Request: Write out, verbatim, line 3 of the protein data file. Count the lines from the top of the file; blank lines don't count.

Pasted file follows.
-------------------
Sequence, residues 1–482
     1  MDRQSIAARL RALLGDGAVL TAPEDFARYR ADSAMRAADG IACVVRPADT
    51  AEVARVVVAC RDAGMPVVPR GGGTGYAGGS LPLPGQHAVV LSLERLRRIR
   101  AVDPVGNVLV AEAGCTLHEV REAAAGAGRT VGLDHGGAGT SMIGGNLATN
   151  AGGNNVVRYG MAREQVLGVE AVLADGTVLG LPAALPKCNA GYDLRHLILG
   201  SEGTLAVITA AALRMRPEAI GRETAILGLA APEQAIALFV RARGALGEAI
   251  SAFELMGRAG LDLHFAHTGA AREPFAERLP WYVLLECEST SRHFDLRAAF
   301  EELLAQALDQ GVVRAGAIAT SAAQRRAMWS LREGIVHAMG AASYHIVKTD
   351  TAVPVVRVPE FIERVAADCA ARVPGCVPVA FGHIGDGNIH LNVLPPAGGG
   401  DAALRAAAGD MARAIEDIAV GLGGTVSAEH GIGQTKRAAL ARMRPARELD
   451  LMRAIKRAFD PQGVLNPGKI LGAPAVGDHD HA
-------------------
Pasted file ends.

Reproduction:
    51  AEVARVVVAC RDAGMPVVPR GGGTGYAGGS LPLPGQHAVV LSLERLRRIR